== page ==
Auroville and its Potential Contribution to the Pluriverse

Rodríguez, Celia Valls (2020) Auroville and its Potential Contribution to the Pluriverse. Other thesis, University College Roosevelt.

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Every two years, the World Wide Fund for Nature (WWF) publishes a report concerning the health of our planet Earth. In the account of 2018, it was publicly acknowledge that “we are pushing our planet to the brink” (WWF, 2018). The furious levels of anthropogenic activity, such as mass industrial agriculture, extraction of natural resources, and the commodification of life, have taken an unprecedented toll on the planet, putting our existence in danger. The continuing endeavour to impose global capitalism and its standards of life, the so-called development, comes with a hefty price: the destruction of the environment and the callous exploitation of others, to be more precise, those living in the Global South. Thus, it can be asserted that the global obsession with growth and profit has lead to today’s environmental crisis (Bentley, 2013). Despite this sombre scenario, the past fifty years have seen an emergence of alternative approaches and an opportunity to change the weave of the Earth’s life. Grounded in the idea of the pluriverse, ‘a world where many worlds fit’ (Escobar, 2018), these new outlooks are designing other ways of ‘being’ beyond modern existence.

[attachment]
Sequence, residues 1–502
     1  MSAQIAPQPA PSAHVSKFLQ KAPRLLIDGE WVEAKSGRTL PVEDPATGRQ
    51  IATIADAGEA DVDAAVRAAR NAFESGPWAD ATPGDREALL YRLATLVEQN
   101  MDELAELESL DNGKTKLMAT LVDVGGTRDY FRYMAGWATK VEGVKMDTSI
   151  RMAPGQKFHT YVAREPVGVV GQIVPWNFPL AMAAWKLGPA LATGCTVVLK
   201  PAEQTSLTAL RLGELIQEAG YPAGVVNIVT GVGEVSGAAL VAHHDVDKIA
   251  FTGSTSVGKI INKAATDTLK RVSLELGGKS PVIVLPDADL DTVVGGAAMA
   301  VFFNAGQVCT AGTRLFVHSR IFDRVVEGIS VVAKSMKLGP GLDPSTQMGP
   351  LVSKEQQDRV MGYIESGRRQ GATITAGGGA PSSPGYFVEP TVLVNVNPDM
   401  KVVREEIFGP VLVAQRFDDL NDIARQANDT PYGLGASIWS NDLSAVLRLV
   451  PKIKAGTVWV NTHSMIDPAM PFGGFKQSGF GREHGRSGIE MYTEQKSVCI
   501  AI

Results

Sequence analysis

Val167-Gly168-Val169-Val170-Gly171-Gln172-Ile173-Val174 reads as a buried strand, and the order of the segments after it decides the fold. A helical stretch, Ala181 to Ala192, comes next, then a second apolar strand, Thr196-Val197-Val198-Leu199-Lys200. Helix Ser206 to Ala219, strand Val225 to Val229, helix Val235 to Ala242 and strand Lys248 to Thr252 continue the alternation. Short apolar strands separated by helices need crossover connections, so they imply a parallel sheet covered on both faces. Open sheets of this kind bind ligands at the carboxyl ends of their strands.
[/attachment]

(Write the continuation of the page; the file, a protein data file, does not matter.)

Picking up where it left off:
This research focuses on the case study of Auroville, a ‘universal town’ in India devoted to attain an experiment in human unity (Auroville, 2017). The community, with a history of over fifty years, has anticipated the collapse of modernity and offered an early response to the current global environmental crisis, on a local scale. Auroville’s vision is rooted in the spiritual practice of Integral Yoga, a yoga-based philosophy promoting further human development and the evolution of the conscious mind, for the sake of collective growth. In the pages that follow, I am interested in exploring the social relations within the community that make up the notion of ‘human unity’. A second interest, connected to the aforementioned, is the relation of ‘human unity’ to nature, hence, the social practices upholding the natural environment. This paper seeks to explore the social contribution of Auroville to the enormous challenge we are facing at present, whilst unfolding where the Auroville model fails; and whether is possible to implement such a lifestyle in a different framework, (and out of greed), on broader societies.

Item Type: Thesis (Other)
Subjects: Collective Organisation > Collective Organisation (General)
Depositing User: Admin User
Date Deposited: 02 Nov 2020 04:33
Last Modified: 02 Nov 2020 04:33

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